“Fiscal Cliff”/Sequestration

Sequestration is a fiscal policy term used to describe automatic across-the-board spending cuts. The Budget Control Act, passed by Congress in 2011, contained a provision to trigger a sequestration in January 2013 if deficit reduction goals were not achieved by the end of 2011.  These goals were not met.

January 1, 2013 marked not only the start of the sequestration cuts but also the expiration of many tax provisions. This became known as the so-called fiscal cliff. To avert the fiscal cliff, Congress passed the American Taxpayer Relief Act of 2012 (ATRA) to delay sequestration for two months and to continue several of the tax provisions. It also included a nine-month extension of the Farm Bill. Learn more…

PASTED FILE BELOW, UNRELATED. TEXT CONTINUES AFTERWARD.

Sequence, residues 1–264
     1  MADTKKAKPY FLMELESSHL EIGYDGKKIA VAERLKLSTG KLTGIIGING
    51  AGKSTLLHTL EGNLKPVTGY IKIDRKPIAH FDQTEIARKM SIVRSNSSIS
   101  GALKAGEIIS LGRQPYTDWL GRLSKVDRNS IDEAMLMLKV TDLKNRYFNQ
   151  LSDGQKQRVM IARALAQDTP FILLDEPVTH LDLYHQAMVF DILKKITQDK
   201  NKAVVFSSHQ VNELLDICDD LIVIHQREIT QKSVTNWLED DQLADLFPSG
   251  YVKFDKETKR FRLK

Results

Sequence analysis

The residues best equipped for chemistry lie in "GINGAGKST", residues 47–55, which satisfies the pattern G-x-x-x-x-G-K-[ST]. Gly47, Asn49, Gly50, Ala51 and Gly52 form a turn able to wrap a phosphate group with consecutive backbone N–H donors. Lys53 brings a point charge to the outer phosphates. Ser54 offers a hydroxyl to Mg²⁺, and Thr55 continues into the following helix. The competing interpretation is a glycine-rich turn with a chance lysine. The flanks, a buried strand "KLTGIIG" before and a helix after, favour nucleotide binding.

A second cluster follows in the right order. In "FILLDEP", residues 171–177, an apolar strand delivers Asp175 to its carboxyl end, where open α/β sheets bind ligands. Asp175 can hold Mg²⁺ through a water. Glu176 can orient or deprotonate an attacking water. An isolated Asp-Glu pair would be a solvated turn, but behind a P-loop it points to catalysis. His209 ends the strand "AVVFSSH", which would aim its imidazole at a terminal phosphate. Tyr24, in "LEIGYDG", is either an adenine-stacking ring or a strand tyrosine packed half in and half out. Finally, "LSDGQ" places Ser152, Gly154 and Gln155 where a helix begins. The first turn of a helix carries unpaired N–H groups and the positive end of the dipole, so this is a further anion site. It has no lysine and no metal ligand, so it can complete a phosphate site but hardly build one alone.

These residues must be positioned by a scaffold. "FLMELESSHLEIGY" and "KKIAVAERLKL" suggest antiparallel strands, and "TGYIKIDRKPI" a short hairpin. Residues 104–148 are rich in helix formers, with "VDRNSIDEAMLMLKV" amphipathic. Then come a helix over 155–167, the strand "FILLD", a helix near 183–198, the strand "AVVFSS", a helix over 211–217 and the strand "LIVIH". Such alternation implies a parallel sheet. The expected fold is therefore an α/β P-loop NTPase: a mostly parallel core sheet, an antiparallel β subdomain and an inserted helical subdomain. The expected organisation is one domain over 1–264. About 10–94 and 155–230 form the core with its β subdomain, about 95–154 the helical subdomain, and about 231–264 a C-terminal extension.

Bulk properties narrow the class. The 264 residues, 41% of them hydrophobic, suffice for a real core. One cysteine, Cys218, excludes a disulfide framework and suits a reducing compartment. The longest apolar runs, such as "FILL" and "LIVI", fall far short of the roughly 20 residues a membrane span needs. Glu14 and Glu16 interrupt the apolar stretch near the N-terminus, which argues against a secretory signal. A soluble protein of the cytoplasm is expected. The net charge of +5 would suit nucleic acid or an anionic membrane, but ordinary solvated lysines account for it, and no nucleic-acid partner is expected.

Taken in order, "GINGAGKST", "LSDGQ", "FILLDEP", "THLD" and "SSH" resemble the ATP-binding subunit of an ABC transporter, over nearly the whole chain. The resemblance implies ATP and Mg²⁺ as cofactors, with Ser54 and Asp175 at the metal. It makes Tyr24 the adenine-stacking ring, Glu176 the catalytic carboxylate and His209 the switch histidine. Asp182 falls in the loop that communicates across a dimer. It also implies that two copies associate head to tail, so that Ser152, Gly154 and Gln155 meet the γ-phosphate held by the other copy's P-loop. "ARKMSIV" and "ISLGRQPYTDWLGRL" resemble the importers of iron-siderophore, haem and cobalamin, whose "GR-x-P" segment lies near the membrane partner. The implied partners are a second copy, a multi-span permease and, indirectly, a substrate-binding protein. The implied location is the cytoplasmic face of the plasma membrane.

The two-month delay from (ATRA) expired on March 1, 2013, and the 5.1 percent across the board cuts went into effect.  These cuts are shared equally between defense and non-defense programs.  Cuts impact discretionary (non-entitlement) programs – like WIC, TEFAP Administration (transportation and storage), Meals on Wheels, Title 1 education, Head Start, law enforcement, juvenile justice, LIHEAP and many others. Programs like SNAP, child nutrition, TEFAP commodities, and the Commodity Supplemental Food Program are protected from these cuts.

What happens next:

  • As Congress continues to negotiate a solution to sequestration cuts, the message remains consistent: “No cuts to SNAP, nutrition programs, including WIC, and safety net programs for the poor and vulnerable.”